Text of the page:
Mohammed Akacem, PhD
Dennis D. Miller, PhD
This article proposes an oil privatization plan whose goal is to transfer oil wealth from the oil MENA (Middle East and North African) governments to the citizens. Its ultimate objective is to empower citizens of the oil MENA. It argues that oil by itself does not prevent the onset of transparent and accountable democracy. Rather, it is the lack of sound democratic institutions that enforce property rights, nurture independent judiciaries, and support the rule of law that prevents good government from taking hold. Privatization would enable the flow of financial benefits to citizens directly from petroleum and natural gas extraction. Governments would then have to tax citizens to gain revenues. Governments would have to clearly justify their expenditures for citizens to allow themselves to be reasonably taxed. This shift in power would be conducive to the establishment of democratic institutions that would increase transparency and likely reduce waste and corruption that is so endemic in these resource-rich countries. Furthermore, it would foster peace within and between countries by lessening strife between ethnic groups for central control of the oil resources and thus reduce the need for U.S. projection of power in the region.
Kimberly Lanegran, PhD
Transitional justice and reconciliation measures have increasingly been expanded to address wide-spread social and economic injustices. Kenya's Truth Justice and Reconciliation Commission (TJRC) (2008-2013) was mandated to investigate violations of socio-economic as well as political rights since 1963. This article assesses how the TJRC operationalized its mandate, summarizes its findings with particular attention to misallocation of land, and considers the political battle sparked by the report. It concludes that investigating a broad range of human rights crimes can reveal convincing evidence of linkages among economic and political violations. Second, truth commissions, frequently incapable of assessing the veracity of individuals' testimonies, struggle to precisely identify the nature of the truth they have "found." Third, commissions may rely heavily on existing secondary sources and reports, which calls into question their unique contributions to justice. Finally, addressing economic violations may provoke vehement political backlash from officials implicated in long-standing and continuing economic violations.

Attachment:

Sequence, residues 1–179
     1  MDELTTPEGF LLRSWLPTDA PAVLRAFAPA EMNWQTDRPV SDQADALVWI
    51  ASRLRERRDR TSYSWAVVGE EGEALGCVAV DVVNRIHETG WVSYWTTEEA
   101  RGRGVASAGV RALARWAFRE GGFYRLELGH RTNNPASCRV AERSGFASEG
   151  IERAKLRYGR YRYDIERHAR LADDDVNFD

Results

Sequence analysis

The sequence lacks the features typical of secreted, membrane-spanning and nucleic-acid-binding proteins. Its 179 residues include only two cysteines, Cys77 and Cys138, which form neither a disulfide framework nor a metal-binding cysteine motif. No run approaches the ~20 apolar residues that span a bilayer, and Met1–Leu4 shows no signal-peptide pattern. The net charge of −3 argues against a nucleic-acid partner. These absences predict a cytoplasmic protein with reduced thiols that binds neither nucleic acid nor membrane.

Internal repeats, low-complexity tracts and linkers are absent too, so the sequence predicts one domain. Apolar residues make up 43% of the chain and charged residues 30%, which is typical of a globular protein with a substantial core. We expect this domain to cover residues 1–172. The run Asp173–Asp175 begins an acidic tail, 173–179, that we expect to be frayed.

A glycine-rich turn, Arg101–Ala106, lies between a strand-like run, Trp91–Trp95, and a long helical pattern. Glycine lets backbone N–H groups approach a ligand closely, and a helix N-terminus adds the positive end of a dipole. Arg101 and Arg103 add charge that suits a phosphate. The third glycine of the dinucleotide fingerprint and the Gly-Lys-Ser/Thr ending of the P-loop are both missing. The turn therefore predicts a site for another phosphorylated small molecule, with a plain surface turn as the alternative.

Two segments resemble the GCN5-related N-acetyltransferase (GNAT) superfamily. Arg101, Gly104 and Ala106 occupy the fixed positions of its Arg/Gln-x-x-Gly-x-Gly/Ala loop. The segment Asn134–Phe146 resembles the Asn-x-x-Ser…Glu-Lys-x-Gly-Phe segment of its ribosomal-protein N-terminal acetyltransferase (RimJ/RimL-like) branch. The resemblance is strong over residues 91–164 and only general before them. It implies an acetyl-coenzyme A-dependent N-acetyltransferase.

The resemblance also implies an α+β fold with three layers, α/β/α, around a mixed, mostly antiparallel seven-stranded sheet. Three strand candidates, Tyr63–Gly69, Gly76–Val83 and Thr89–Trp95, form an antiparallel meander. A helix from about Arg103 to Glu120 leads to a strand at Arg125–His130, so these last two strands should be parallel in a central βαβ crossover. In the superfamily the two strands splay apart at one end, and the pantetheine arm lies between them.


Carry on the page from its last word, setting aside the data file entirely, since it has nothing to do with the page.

Stephen J. Cimbala, PhD
Adam B. Lowther, PhD
Russian annexation of Crimea and subsequent destabilization of Ukraine contributed to a downward spiral in U.S.-Russian nuclear arms control, along with disagreements between NATO and Russia over missile defenses deployed in Europe. Nevertheless, opportunities exist for post-New START strategic nuclear reductions between the U.S. and Russia. Either incremental or more ambitious post-New START reductions are theoretically possible within the confines of stable deterrence. In practice, modest reductions are more likely to survive the domestic politics of the United States and Russia. Missile defenses are wild cards in the nuclear arms control process, but they are far from game changers in technical terms - their significance is as incubators of political mistrust, at least, in Russia.